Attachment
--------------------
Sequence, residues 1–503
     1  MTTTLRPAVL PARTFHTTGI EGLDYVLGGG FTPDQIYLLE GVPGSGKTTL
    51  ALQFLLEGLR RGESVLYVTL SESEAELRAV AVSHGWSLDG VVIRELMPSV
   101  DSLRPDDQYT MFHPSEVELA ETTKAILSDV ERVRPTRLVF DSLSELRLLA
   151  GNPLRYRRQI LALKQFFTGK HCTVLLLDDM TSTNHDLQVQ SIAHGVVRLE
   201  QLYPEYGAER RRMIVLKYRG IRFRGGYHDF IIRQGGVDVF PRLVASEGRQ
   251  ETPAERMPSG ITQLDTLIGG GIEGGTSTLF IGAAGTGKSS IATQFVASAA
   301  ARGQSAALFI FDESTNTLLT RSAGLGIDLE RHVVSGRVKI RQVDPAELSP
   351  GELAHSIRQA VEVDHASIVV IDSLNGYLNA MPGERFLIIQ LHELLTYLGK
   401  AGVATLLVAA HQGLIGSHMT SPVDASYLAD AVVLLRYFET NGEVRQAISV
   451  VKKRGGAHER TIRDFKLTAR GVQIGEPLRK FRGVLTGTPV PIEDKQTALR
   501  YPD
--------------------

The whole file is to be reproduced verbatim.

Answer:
Sequence, residues 1–503
     1  MTTTLRPAVL PARTFHTTGI EGLDYVLGGG FTPDQIYLLE GVPGSGKTTL
    51  ALQFLLEGLR RGESVLYVTL SESEAELRAV AVSHGWSLDG VVIRELMPSV
   101  DSLRPDDQYT MFHPSEVELA ETTKAILSDV ERVRPTRLVF DSLSELRLLA
   151  GNPLRYRRQI LALKQFFTGK HCTVLLLDDM TSTNHDLQVQ SIAHGVVRLE
   201  QLYPEYGAER RRMIVLKYRG IRFRGGYHDF IIRQGGVDVF PRLVASEGRQ
   251  ETPAERMPSG ITQLDTLIGG GIEGGTSTLF IGAAGTGKSS IATQFVASAA
   301  ARGQSAALFI FDESTNTLLT RSAGLGIDLE RHVVSGRVKI RQVDPAELSP
   351  GELAHSIRQA VEVDHASIVV IDSLNGYLNA MPGERFLIIQ LHELLTYLGK
   401  AGVATLLVAA HQGLIGSHMT SPVDASYLAD AVVLLRYFET NGEVRQAISV
   451  VKKRGGAHER TIRDFKLTAR GVQIGEPLRK FRGVLTGTPV PIEDKQTALR
   501  YPD